We are the Dead. Short days ago We lived, felt dawn, saw sunset glow, Loved and were loved, and now we lie In Flanders fields.
Take up our quarrel with the foe: To you from failing hands we throw The torch; be yours to hold it high. If ye break faith with us who die We shall not sleep, though poppies grow In Flanders fields.
A haunting poem. Also, my first realization that the ritual of selling poppies on Memorial Day and Veterans Day did not originate in the United States, but from a Canadian poet in Canada. Who knew?
According to VeteransAid.org, this is the story:
Moina Michael, a college professor and contemporary of John McCrae, was so moved by his poem that in its honor, she wrote the poem “We Shall Keep the Faith.” Not satisfied that she had done enough, she then pledged “to always wear a red poppy in remembrance of those who had sacrificed their lives and began a very successful campaign to spread the practice, which was adopted across the nation, Europe, and countries of the British Empire and Commonwealth within three years.”
After the war Moina Michael got an idea that she could sell silk poppies as a fundraiser, and in 1921, “her efforts resulted in the poppy being adopted as a symbol of remembrance for war veterans by the American Legion Auxiliary and by the British Legion Appeal Fund.” Today “millions of red crepe paper poppies – all handmade by veterans as part of their therapeutic rehabilitation – are distributed across the country by the American Legion in exchange for donations that go directly to assist disabled and hospitalized veterans.”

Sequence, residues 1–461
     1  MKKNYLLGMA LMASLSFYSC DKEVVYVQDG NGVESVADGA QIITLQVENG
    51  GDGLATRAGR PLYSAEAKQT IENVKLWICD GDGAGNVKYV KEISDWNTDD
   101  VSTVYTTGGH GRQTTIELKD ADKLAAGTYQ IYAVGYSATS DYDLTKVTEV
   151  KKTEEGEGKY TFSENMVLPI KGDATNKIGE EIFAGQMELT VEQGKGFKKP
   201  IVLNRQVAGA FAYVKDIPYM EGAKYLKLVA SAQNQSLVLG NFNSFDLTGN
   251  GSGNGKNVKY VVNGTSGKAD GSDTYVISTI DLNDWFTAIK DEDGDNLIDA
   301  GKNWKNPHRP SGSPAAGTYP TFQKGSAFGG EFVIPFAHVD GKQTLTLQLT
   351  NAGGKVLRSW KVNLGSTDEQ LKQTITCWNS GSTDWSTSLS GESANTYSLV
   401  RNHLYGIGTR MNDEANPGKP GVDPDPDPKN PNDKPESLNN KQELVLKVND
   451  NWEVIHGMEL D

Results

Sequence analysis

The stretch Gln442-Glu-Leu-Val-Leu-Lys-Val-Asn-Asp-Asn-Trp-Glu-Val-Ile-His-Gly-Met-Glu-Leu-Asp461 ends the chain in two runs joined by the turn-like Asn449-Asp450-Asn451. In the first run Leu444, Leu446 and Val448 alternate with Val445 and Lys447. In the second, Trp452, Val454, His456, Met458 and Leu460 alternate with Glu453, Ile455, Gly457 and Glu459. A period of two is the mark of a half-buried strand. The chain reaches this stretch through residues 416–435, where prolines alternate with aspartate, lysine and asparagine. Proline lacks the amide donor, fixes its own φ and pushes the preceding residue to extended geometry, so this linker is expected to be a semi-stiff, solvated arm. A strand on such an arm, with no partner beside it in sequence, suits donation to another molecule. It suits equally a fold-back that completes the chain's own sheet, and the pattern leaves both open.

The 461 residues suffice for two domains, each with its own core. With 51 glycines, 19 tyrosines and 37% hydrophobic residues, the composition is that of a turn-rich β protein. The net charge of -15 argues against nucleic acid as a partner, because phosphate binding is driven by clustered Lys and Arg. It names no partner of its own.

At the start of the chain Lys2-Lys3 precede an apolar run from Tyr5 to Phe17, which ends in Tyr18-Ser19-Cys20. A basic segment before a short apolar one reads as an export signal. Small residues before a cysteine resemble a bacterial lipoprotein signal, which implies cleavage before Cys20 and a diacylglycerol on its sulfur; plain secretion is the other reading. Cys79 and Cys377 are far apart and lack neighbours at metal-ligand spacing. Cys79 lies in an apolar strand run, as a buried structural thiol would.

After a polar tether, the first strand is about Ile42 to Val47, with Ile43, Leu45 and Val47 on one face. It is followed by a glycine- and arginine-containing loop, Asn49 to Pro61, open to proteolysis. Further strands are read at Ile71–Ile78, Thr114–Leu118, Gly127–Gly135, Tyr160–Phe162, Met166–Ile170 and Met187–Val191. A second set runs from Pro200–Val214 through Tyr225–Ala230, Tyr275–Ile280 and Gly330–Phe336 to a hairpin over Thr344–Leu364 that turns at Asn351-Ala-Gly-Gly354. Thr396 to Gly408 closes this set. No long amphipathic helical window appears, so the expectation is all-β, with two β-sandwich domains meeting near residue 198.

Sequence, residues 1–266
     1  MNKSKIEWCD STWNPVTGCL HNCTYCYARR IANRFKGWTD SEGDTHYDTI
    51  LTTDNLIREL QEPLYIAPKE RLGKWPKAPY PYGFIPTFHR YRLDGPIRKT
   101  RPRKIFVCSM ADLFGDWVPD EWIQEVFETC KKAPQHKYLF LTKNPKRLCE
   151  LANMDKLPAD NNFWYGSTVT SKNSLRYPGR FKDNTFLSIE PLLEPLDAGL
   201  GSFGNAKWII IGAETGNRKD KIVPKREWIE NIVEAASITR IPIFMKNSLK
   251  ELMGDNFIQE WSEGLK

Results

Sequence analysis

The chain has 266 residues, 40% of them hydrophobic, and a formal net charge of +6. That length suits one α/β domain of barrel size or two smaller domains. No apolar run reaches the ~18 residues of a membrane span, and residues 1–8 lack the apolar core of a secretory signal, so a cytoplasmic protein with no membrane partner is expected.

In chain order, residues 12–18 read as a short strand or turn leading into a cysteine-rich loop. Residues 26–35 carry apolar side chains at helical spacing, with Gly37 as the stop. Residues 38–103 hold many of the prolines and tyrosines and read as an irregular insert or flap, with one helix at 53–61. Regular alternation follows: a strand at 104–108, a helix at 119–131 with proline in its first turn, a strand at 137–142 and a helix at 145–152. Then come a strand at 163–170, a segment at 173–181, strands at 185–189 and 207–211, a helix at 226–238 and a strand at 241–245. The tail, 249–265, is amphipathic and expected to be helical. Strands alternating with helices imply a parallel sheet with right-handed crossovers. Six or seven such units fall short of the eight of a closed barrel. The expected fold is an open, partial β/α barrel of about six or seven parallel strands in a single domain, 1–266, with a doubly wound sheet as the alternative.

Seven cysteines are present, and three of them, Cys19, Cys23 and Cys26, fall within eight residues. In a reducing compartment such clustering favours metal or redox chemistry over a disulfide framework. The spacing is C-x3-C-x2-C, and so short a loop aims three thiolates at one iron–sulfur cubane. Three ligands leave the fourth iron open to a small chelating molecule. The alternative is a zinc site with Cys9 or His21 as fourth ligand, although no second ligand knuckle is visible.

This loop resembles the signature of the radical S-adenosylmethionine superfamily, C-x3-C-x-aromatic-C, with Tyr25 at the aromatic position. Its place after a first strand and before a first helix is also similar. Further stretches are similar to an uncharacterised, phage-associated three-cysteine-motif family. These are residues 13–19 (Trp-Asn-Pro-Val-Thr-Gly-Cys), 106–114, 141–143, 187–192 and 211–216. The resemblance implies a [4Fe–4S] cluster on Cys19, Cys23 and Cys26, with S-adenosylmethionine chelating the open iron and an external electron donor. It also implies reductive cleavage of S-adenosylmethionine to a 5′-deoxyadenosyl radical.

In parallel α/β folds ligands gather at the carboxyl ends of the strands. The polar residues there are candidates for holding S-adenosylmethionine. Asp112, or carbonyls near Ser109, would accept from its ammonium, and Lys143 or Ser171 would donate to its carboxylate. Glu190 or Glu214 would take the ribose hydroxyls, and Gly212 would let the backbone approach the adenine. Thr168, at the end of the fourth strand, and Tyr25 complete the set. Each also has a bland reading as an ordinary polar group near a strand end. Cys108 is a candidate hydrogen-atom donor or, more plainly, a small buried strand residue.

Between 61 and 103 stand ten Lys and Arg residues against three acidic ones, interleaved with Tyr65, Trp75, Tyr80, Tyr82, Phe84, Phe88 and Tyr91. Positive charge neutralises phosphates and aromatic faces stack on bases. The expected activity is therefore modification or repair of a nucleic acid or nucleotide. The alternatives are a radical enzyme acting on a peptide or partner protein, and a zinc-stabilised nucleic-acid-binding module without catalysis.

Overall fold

Now, a little from The Canadian Encyclopedia about John McCrae. He was a soldier, physician, and poet; he participated in the South African War, returned to Canada, and became a noted pathologist, co-authoring an 878 page tome on pathology for medical students. He was 41 years old on August 4, 1914, after Britain declared war against Germany, when he joined the Canadian Army as a physician.
During the Second Battle of Ypres in 1915, John McCrae’s lungs were damaged by poison gas. His friend, Alex Hannum Helmer, a 22 year-old civil engineer, was killed by a German shell during that same battle, and it was Helmer’s death that inspired him to write “In Flanders Field.” Still working as an army physician in France, McCrae died of pneumonia, exacerbated by the poison-gas damage to his lungs, on January 18, 1918 at the age of 45.
To those of you sitting with me now at my “Table of Words,” I have a simple request. Find some young Jasmin or Joe. Tell them about a veteran you know. A family member. A friend. A hero you read about in a book. Yourself, if you are a veteran. Tell them about the men and women with whom you served. Your love of country. Your love of freedom. Tell them that these are not hollow words. Tell them what my late husband, Charlie, said to a World War II veteran he barely knew: “If you hadn’t been there, we wouldn’t be here.”
Then, ignoring accusations (surely to be made) that you are oversentimental or overly patriotic, sit Jasmin and Joe down, and read them “In Flanders Field.” Read it aloud. The way I first heard it from my mother.
Which brings us back to the 11th hour of 11th day of the 11th month, when we honor those, living and dead, who defended our liberty, and to whom we owe so much.
Lest we forget.
Copyright © Shelly Reuben, 2022. Shelly Reuben’s books have been nominated for Edgar, Prometheus, and Falcon awards. For more about her writing, visit www.shellyreuben.com